Here at Warwick many of us are very interested in Human Rights. We have just been privileged to host Judge Joseph A. Migliozzi of Norfolk Circuit Court, Virginia, who spoke twice on ‘Working in the US’ and ‘Critical Reflections on the Death Penalty’.’ Jennifer Akinola shares her thoughts on the two talks.
“I decided to attend both talks because I wanted to further explore my career options outside commercial law and beyond this jurisdiction. I am studying a Crime and Punishment module so took a particular interest in Judge Migliozzi’s experience in criminal defence, human rights and anti-death penalty work. This interests me as a potential career path because, whilst working with people on death row is a very sensitive line of work, I find it intriguing that the boundaries in this area of law are constantly being tried and tested in the US. Judge Migliozzi provided insight into his personal career journey and explained how a Law student in the UK can transition into practising in the States.
Judge Migliozzi’s Journey
I was pleasantly surprised to find that Judge Migliozzi did not have a linear path into his legal professional career. He graduated as an English major and then decided to join the US Navy. Having gained his MBA and deciding that he was an extrovert, who really enjoyed talking to people, he enrolled at the Law school in William and Mary College in Virginia. His first legal job was in the Public Defence Office in Virginia. He found that he really enjoyed this line of work and urged students to consider this career path if you like the idea of being in court almost every day.
In 2002 he became the head of the Capital Defenders Office in Virginia beginning his involvement with Warwick’s Death Penalty Project. Two students were taken as interns every summer, gaining a really hands on experience helping defence lawyers in death penalty cases. Apparently Warwick interns supported Judge Migliozzi on Atkins v Virginia, which he describes as the biggest case of his career. This case is now a very influential case in American jurisprudence. The court found that it was unconstitutional to execute someone mentally retarded. It’s very exciting to think that Warwick students were involved. In 2009 Judge Joseph became a trial judge.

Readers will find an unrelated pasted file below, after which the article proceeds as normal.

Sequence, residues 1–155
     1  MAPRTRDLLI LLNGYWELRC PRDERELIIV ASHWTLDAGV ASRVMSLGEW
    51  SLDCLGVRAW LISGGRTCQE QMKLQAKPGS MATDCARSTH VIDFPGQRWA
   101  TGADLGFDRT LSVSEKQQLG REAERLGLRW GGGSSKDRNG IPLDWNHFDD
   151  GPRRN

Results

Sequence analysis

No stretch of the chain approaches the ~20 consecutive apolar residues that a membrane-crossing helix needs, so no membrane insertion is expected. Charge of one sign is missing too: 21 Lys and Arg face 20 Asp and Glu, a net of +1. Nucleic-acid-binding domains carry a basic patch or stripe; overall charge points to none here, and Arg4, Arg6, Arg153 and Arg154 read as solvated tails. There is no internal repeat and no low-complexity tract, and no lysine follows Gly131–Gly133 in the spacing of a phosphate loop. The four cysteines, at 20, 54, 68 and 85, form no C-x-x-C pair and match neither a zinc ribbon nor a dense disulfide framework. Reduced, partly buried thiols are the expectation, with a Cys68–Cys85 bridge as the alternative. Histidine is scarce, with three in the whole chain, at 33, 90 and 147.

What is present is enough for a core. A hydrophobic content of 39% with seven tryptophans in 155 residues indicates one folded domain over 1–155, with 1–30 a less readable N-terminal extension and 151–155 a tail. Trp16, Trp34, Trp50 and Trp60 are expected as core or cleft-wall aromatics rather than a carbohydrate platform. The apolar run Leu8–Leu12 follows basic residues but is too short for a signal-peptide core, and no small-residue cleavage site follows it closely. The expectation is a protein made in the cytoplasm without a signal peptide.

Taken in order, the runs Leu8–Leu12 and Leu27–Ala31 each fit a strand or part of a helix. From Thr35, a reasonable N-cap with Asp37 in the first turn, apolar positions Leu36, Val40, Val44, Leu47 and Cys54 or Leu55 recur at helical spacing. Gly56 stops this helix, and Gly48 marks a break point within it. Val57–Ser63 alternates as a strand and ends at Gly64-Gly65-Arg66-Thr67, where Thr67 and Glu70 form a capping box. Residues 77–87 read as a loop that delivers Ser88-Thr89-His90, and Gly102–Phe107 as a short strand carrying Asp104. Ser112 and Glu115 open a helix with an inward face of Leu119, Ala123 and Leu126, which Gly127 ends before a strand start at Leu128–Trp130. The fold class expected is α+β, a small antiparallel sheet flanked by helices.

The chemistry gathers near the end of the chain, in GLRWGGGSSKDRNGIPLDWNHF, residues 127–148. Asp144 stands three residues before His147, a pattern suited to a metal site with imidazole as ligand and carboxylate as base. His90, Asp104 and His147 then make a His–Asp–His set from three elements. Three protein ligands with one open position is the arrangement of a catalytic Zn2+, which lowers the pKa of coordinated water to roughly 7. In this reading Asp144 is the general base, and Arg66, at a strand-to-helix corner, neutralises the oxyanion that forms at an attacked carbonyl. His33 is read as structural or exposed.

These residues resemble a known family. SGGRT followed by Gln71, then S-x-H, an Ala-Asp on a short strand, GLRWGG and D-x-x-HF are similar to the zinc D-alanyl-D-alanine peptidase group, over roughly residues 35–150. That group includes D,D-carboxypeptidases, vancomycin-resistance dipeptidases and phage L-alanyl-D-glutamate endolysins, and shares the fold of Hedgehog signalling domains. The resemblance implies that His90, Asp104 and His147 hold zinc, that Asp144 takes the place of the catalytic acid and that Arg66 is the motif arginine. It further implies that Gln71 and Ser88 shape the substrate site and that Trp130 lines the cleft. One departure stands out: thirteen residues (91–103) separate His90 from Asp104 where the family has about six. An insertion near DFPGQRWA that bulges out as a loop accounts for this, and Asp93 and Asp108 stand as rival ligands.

A Career in the US
In order to practise Law in the US, Law graduates need to pass the Bar exam, the US equivalent of the LPC and BPTC. In addition UK Law graduates have to complete a US law school programme to be eligible to apply for the Bar Exam in that state. One way of doing this is to complete an LLM at an American Law School. The legal job market in the US is very different from that in the UK. Apparently in a Law graduating class, 60% go onto public or private practice and 30% work in-house for massive companies. The US legal market is thriving with many opportunities.
Typically in the US students in law graduate aged around 26. UK Law graduates deciding to work in the US will on average be younger than their US counterparts. Judge Migliozzi shared a remarkable story of a Warwick student who completed the DPP internship. Once she had graduated she returned to Virginia to complete her LLM. She sat the Bar exam at 21, and became the youngest person ever to pass in the state of Virginia!
There are plenty of opportunities in the US to work as Public Defenders and Prosecutors these are both government funded and are not financially strained like Legal Aid in the UK. There are also vacancies for law graduates to complete clerk paid work experience after their studies. This gives hands on experiences in court and litigation.
It’s great to be challenged to think about careers outside commercial law. I strongly urge others to invest some time in coming to talks and events similar to this organised by the careers service. For those who have had their heart set on a particular career already, I also urge you to attend as you may surprise yourself in finding something you truly enjoy!”